“This is the second year in a row we’ve agreed to a zero percent pay raise,” Nix said.

Clayton Blackstock, lawyer for the two unions, said Tuesday he hadn’t met with the union representatives since the emergency meeting and couldn’t say what kind of relief would be sought, on what grounds or when.

But promptly, Nix said.


Kimbrell hired Guess at $261,547 a year — an amount that union members like to note is more than the vice president of the United States makes.

They say the district has more than 50 administrators making more than $100,000 a year and another 90 or so making more than the teacher’s average salary of $61,856.

But while teachers are losing two paid days a year and pay for other nonteaching duties, “not a dime” is coming from the salary or benefits of those 140 employees,” according to the unions.


On Monday, PCSSD teachers were delivered letters in which Guess informed them they would not be rehired under the terms of the old contract, but would be renewed on different terms and conditions including:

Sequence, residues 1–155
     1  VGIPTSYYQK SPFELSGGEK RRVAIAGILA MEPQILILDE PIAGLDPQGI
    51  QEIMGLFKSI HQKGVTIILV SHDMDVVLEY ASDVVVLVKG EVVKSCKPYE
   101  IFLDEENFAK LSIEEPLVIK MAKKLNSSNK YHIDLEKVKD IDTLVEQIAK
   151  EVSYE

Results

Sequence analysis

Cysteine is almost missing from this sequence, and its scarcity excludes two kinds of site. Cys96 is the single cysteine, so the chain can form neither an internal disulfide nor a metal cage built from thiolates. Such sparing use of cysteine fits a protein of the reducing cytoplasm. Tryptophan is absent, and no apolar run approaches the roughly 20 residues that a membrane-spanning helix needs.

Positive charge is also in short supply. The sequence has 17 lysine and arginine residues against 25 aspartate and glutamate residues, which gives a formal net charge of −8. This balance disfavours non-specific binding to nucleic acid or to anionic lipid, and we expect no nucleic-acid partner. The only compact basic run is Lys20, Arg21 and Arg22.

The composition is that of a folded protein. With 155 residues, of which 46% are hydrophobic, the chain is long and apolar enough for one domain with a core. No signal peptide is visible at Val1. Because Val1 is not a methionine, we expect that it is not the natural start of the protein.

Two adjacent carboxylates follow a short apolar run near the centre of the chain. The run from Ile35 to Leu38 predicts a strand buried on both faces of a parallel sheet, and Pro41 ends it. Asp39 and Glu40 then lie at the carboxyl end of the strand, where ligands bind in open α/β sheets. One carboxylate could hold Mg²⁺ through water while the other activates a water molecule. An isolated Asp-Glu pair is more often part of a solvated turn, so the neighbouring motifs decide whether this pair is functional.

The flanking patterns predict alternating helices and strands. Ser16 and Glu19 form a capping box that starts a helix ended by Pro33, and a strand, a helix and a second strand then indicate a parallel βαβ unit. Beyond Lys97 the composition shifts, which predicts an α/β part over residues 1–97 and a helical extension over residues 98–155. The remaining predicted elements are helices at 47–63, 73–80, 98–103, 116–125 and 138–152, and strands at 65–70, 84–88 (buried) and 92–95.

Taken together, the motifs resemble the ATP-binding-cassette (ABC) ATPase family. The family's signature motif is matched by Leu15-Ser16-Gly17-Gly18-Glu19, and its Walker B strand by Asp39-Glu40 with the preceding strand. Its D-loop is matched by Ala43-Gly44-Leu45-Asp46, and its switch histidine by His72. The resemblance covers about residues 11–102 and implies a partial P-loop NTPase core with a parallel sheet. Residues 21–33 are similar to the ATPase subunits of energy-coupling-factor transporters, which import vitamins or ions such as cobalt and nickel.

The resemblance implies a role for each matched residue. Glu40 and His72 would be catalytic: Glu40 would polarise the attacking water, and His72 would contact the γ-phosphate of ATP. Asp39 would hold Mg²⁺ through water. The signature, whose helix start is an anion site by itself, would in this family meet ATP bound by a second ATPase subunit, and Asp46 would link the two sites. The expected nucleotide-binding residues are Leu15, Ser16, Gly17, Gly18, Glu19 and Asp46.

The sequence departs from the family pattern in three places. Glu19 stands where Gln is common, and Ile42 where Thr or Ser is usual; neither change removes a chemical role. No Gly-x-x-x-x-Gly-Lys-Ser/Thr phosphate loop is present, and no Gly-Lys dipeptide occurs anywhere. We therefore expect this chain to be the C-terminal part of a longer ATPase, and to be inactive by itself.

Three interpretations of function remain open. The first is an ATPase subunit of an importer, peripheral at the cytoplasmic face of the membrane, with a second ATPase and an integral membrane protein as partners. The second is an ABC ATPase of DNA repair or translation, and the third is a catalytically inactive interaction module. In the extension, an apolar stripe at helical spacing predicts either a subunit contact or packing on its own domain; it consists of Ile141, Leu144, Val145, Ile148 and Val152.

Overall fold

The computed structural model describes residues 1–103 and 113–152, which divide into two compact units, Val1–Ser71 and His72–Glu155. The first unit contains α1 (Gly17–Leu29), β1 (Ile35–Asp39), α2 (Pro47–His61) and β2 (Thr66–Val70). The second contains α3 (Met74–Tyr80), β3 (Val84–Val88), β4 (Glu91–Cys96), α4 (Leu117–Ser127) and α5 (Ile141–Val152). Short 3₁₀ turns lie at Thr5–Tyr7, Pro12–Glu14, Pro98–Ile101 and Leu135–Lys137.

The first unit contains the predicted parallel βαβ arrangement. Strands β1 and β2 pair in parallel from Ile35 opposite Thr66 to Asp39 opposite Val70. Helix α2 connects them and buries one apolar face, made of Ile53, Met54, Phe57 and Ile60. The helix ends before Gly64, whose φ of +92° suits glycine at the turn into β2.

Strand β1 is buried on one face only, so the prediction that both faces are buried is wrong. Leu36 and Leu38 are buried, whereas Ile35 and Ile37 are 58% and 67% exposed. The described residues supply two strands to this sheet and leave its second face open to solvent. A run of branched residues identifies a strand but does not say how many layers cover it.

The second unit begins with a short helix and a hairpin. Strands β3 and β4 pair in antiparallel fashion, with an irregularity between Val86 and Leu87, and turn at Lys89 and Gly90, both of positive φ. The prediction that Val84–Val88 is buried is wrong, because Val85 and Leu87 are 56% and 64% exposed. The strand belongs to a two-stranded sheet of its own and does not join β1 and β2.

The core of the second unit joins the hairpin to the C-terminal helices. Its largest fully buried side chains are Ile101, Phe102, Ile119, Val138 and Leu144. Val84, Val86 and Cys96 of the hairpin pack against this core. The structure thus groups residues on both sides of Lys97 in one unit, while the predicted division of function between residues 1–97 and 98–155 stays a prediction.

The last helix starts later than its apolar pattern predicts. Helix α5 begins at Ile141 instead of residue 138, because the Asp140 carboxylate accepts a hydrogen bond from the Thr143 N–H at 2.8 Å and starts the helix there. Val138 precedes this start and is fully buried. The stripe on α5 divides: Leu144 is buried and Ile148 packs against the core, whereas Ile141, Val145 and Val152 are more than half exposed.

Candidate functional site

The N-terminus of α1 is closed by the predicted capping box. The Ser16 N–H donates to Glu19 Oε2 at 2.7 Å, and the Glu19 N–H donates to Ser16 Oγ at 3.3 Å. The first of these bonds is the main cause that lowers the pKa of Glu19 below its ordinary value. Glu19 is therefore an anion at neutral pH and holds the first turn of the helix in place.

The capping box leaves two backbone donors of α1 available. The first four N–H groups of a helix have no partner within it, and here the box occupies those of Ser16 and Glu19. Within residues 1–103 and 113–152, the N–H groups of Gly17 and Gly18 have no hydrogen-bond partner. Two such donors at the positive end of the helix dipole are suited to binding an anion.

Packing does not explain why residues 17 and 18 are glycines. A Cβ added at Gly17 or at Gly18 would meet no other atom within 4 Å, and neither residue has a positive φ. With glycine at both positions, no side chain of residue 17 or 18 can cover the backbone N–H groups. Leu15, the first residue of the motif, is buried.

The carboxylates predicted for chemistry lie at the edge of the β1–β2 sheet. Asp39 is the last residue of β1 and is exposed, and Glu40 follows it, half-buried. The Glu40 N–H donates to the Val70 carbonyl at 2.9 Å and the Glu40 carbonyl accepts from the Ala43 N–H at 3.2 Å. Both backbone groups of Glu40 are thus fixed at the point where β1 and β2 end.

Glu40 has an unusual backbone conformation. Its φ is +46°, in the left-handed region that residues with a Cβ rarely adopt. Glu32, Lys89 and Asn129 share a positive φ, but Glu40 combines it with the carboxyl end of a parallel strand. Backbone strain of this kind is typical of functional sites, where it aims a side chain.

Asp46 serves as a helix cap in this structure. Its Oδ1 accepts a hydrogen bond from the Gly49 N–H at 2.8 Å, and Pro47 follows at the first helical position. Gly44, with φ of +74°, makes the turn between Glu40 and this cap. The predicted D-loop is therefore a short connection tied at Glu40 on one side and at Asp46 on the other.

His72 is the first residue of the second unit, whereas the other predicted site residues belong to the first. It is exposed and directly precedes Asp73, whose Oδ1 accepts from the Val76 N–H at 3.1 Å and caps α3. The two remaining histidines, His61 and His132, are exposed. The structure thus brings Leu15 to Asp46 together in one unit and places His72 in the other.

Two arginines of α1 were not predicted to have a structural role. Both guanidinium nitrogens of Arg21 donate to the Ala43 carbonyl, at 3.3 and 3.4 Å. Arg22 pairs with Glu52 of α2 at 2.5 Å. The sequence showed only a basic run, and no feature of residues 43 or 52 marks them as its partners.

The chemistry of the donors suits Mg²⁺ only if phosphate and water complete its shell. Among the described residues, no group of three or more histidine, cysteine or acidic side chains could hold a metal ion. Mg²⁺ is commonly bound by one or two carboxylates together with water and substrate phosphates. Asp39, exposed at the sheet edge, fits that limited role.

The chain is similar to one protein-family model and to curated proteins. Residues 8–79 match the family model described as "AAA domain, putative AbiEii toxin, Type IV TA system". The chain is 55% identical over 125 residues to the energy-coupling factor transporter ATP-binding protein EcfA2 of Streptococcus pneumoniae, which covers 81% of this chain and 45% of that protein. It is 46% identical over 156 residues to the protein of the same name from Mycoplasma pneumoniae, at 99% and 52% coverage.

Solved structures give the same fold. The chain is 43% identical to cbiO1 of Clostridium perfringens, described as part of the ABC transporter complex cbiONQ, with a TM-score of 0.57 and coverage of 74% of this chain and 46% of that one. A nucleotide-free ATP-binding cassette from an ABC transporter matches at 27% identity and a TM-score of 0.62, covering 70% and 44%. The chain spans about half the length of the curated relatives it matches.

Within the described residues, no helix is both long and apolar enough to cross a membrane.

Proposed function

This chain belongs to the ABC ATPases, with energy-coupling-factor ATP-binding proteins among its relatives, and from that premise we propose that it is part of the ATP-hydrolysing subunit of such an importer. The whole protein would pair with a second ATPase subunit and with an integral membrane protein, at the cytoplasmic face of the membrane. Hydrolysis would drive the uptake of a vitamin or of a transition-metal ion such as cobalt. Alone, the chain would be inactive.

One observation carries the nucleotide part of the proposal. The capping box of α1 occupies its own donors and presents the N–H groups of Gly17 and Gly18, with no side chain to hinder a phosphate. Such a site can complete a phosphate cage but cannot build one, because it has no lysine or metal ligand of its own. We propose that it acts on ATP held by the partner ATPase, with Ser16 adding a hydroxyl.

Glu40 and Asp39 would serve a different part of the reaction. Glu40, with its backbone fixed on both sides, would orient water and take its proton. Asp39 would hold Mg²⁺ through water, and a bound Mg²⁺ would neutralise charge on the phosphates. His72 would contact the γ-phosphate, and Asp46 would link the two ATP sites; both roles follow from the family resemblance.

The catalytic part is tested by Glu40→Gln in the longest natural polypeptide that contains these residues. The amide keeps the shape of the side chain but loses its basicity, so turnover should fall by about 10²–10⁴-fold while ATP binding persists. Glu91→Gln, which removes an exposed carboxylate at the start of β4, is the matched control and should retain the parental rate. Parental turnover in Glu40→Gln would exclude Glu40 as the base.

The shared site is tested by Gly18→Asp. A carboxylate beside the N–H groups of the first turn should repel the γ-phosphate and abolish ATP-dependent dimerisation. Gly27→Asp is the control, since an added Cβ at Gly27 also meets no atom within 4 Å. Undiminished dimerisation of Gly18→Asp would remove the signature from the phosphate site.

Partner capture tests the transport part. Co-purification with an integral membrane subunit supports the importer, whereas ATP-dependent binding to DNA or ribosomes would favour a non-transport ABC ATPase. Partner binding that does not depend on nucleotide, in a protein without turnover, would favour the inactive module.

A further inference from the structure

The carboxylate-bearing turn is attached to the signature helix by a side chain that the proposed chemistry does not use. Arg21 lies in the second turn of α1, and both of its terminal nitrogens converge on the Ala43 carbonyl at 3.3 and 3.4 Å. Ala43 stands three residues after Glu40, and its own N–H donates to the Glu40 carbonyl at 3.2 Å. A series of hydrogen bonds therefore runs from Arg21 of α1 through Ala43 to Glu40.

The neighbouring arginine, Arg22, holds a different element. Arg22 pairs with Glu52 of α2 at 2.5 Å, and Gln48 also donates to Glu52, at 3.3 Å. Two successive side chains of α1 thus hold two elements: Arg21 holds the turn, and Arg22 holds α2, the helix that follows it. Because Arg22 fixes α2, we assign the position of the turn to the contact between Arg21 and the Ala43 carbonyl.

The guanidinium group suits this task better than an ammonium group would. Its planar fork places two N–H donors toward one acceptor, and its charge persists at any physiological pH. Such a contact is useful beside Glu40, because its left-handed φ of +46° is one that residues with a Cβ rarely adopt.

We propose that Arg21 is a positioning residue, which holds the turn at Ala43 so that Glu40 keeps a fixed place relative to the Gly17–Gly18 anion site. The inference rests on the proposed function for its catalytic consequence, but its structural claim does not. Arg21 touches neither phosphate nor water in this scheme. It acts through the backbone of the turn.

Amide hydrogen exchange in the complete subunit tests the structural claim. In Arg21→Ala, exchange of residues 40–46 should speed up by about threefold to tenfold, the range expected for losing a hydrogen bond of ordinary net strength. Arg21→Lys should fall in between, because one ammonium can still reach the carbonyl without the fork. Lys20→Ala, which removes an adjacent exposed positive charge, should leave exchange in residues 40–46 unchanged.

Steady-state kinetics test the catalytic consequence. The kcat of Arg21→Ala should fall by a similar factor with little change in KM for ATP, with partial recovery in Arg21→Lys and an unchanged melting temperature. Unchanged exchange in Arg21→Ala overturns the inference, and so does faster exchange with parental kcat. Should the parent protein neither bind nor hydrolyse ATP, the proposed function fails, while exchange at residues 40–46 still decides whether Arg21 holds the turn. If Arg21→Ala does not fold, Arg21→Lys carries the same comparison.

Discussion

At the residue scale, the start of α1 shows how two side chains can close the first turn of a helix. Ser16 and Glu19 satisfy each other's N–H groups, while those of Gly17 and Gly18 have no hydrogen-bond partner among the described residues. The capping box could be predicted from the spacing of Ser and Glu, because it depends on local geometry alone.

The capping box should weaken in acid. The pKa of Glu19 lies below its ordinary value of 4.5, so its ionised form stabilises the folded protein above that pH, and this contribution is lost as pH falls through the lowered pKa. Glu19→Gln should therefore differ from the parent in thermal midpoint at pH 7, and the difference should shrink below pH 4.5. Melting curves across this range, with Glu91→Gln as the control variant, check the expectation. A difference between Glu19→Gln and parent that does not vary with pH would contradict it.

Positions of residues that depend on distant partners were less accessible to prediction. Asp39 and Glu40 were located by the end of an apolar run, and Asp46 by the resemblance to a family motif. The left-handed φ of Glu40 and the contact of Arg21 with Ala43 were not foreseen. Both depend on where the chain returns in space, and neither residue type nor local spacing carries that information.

Reduction of teacher salary schedule by two days.

Elimination of bus duty payments.

Elimination of payments for supervision 30 minutes before breakfast tutoring.

Elimination of compensation for lunch/recess duty for certified personnel.

Elimination of annual attendance incentive pay.

Elimination of one bereavement leave day

Phasing out 4 percent compensation for profession growth contracts.

Elimination of severance pay.

Changing “accrued” leave to “sick leave and reducing such leave by two days per year.

n Implementation of the new policies proposed by the Certified Personnel Policies Committee, effective July 1.